Scottish government outlines weather response changes
Scottish ministers have announced a series of changes to improve its response to severe winter weather, amid warnings of more heavy snow.
Extra salt and grit will be stored at key locations, while plans have been put in place to hold lorries using the roads, if the snow and ice hits.
The move came after the row over the handling of last week's severe weather which saw the busiest roads gridlocked.
The Met Office has warned of heavy snow across Scotland on Thursday and Friday.
The Scottish government announced measures to set up a new severe weather group, comprising police, trunk road operating companies, transport officials and ScotRail.
Ministers also announced a six-point action plan for coping with further problems, to:
- Store extra salt and grit at key locations on the national trunk road network for quicker access.
- Use traffic management resources to enable diversions where necessary.
- Adapt vehicles, such as landscaping vehicles, for clearing snow.
- Remove trunk road and motorway central barriers, allowing easy access to blocked or broken down vehicles if necessary.
- Work with the police on holding, or "stacking" lorries on the roads, if conditions deteriorate, to keep traffic moving.
- Provide blankets and other supplies to central Scotland's Trunk Road Incident Support Service.
The plans were announced as Finance Secretary John Swinney was questioned by the Scottish Parliament's transport committee.
But he warned: "We have to accept in winter weather that there will be times where its just not possible for us to function normally and do all we can to try to avoid that, but sometimes accept that services may not be able to function."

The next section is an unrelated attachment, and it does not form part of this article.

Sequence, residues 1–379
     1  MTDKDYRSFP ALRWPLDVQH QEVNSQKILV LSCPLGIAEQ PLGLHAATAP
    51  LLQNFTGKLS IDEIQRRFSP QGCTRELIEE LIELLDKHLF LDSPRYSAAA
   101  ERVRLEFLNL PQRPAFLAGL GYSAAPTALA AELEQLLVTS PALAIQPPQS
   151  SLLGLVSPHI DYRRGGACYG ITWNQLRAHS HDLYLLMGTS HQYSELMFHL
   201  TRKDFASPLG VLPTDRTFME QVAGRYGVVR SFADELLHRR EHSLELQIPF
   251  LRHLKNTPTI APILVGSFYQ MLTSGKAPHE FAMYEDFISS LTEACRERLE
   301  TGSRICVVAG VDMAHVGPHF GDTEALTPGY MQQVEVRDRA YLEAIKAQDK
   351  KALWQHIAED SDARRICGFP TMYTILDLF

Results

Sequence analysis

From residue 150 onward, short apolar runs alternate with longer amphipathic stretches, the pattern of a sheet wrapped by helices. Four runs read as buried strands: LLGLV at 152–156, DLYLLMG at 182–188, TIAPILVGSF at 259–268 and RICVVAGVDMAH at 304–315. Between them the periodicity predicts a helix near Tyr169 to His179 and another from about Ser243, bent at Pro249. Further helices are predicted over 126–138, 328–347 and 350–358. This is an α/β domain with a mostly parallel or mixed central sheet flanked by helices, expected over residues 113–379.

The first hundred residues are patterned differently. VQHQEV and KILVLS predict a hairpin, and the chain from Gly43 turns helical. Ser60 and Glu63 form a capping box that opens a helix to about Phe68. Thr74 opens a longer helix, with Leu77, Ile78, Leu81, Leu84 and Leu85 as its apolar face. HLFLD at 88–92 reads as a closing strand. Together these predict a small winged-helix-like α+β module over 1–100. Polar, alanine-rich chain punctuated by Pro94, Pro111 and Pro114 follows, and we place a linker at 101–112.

A heavy snowfall last week - which appeared to take the authorities by surprise - caused the closure of the M8, M9 and A80, as well as gridlock on many other routes across Scotland.
Thousands of vehicles were abandoned and hundreds of people were stuck in their cars overnight, while the M8 was closed for two days between Edinburgh and Glasgow.
But Jim Barton, chief road engineer with Transport Scotland, told the committee the agency would not be expected to close a major road with less than an hour of notice, in the expectation of just 50mm of snow.
And chief constable Kevin Smith, head of road policing at the Association of Chief Police Officers Scotland, added that such an order would have been "nigh on impossible" to implement.
"Any time you close a junction a diversion has to be put in place, so we would have just transferred the chaos on to the surface roads," he said, adding: "To have done that effectively would have required days and days of forward planning."
Lib Dem transport spokeswoman Alison McInnes said the government's latest action was "better late than never," adding: "These are all things the previous transport minister could have done."
The Tories' Jackson Carlaw, said: "Scottish Conservatives welcome these measures in so far as they go, but believe yet more reliable systems for informing the public of the prevailing facts are urgently required."
The problems led to the resignation of Stewart Stevenson as transport minister, to be replaced by Keith Brown.